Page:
A Review of the Nigerian Energy Industry

Fuel stations close shop in Osun, transport fares up 300% in Ondo

03 January 2012, Sweetcrude, OSOGBO/AKURE—Most filling stations in Osogbo, the state capital and other major towns in the state were, Monday, under lock and key, just as travellers faced tremedous hardship following the non-availability of vehicles on the roads.

The sudden hike in the price of Premium Motor Spirit, PMS, otherwise known as petrol, made transporters who could not afford the new price to withdraw their vehicles from the road.

Checks by Sweetcrude revealed that the few petrol stations that had the commodity in the state capital and other major towns of the state sold a litre of petrol for between N150 and N160.

Also, the cost of transport fares increased outrageously as intra-bus fare within Osogbo which was N30 per drop shot up to between N50 and N70.

Travellers condemned the removal of the oil subsidy and scarcity of the commodity, describing the development as unfortunate.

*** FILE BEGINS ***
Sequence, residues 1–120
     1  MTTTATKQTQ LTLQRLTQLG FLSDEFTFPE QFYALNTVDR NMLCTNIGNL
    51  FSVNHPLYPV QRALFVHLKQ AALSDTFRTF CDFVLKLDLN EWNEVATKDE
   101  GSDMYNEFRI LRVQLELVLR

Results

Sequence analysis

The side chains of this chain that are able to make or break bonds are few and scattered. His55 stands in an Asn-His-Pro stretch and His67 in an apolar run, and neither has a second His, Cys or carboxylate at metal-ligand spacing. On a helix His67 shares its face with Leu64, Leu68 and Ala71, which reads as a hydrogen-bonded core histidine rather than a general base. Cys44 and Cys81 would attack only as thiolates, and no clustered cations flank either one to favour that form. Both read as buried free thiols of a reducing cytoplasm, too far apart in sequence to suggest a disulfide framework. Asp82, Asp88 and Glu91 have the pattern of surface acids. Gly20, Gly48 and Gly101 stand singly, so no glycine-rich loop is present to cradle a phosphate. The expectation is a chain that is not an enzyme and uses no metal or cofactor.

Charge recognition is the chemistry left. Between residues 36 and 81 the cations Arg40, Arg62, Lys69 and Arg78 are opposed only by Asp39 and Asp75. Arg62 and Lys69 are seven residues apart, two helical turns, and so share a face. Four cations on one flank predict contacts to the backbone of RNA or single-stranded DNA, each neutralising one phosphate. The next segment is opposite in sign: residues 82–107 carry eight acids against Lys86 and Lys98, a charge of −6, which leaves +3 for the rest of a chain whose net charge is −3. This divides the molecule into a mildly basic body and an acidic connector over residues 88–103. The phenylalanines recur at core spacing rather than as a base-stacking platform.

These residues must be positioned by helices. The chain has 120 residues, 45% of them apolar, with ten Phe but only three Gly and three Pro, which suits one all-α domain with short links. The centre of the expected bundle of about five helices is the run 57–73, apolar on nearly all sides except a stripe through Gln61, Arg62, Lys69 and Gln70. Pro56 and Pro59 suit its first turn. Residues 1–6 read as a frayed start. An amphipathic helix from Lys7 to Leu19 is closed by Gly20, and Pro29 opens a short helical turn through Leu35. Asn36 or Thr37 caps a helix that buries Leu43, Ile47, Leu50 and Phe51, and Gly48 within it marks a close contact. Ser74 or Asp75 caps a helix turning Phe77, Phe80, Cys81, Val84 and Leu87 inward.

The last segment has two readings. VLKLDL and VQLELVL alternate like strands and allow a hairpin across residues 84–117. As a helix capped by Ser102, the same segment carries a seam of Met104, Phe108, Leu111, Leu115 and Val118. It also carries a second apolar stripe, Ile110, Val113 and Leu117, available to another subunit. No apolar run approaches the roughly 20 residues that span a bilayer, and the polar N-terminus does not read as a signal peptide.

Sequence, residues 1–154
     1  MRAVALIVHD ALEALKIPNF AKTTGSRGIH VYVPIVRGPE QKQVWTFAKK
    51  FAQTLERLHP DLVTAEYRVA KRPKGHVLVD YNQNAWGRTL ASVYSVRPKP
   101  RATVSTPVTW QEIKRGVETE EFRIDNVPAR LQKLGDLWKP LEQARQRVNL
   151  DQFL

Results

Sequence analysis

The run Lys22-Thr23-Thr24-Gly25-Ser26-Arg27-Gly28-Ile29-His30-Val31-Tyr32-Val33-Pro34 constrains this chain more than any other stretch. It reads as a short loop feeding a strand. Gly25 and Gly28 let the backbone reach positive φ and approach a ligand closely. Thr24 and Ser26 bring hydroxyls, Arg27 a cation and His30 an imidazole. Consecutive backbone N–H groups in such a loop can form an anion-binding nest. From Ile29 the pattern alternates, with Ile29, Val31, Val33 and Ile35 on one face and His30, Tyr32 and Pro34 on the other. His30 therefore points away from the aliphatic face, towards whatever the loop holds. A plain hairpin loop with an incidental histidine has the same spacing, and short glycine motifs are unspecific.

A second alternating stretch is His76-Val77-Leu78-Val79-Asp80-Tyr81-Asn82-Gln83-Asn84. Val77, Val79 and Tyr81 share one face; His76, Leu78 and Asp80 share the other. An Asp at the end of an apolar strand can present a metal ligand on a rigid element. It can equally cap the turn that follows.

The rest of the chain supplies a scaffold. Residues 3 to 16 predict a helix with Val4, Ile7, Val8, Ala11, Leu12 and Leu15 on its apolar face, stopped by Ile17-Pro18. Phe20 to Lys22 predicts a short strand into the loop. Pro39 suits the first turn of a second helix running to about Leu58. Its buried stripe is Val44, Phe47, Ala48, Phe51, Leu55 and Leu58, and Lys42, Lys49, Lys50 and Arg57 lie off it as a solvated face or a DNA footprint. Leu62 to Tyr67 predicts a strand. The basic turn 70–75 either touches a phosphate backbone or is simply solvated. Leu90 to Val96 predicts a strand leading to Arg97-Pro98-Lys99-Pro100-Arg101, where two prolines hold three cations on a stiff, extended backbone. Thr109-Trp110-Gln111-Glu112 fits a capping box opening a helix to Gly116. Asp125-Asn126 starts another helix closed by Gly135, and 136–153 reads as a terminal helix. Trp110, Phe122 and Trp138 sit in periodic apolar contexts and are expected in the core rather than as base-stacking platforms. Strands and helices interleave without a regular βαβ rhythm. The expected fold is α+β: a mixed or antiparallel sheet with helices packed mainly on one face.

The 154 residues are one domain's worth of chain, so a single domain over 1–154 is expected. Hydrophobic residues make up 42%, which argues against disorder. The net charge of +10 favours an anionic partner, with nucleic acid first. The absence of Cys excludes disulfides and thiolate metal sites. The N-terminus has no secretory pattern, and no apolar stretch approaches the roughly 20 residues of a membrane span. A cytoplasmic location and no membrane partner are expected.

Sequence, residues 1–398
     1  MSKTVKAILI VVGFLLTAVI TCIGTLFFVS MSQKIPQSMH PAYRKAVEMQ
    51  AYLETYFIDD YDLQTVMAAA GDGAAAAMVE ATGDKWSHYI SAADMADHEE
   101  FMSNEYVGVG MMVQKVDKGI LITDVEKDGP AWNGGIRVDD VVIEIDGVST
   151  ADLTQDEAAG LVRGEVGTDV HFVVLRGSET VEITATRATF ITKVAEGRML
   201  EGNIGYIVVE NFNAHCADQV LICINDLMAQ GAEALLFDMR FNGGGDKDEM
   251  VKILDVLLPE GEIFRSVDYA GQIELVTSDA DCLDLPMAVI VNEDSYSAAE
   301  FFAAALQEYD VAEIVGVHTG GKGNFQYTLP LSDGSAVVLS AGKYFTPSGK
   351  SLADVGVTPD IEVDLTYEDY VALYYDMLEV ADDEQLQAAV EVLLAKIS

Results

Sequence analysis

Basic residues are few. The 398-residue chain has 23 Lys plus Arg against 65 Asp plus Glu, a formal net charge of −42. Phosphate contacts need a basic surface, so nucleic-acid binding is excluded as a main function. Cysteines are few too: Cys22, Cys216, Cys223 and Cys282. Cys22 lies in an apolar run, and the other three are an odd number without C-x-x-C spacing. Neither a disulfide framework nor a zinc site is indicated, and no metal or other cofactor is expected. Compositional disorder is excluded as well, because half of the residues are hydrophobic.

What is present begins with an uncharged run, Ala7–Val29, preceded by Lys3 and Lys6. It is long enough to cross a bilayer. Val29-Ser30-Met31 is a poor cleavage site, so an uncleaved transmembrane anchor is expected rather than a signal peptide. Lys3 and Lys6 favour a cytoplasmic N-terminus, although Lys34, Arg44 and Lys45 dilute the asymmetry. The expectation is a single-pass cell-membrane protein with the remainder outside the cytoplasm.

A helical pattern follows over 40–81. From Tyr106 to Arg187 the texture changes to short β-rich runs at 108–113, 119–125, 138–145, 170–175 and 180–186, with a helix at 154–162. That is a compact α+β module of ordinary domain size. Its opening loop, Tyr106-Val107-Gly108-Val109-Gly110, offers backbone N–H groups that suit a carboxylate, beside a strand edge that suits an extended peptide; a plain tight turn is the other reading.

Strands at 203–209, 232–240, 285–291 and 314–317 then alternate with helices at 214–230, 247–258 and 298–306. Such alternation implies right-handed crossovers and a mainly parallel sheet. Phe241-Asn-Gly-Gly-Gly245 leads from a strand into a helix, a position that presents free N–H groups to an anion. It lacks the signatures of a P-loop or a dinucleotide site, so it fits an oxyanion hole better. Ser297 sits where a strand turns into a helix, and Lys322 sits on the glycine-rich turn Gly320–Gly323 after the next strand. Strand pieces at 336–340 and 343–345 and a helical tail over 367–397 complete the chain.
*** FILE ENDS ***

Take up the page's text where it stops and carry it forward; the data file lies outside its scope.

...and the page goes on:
In Ondo State, transport fares have shot up astronomically following the removal of fuel subsidy. Intra-town and inter-town fares shot up by almost 300 per cent.

The NNPC mega station in Akure sold petrol for N138 per litre while major marketers and independent marketers sold for between N140.50 and N150 per litre.

Dealers who have been hoarding petrol since immediately the removal was announced adjusted their pump across Ondo State.

Pockets of filling stations sold fuel yesterday while others shut their gates to customers despite having the commodity.

Commuters returning to base after the New Year festival paid triple the fares as transport fare from Akure to Lagos which used to be N1, 250 is now N3,500; from Akure to Port Harcourt that used to be N2,500 jumped up to N7,000, while Akure to Abuja that used to be N3, 000 now cost N7,500 while Akure to Ibadan which was formally N700 is now N1, 500.

Many commuters who were not prepared for the hike in transport fares went back home disappointed. They described the development as a sign of bad things to come in the country.

Some petrol dealers,who spoke under the condition of anonymity, said they decided not to sell petrol for now because they are not sure how much they are to dispense the product.

Petrol attendants took advantage of the situation to make brisk business as they collected additional money before dispensing petrol to motorists.

Petrol sold into jerry cans attracted between N100 and N200 for fifty litres.

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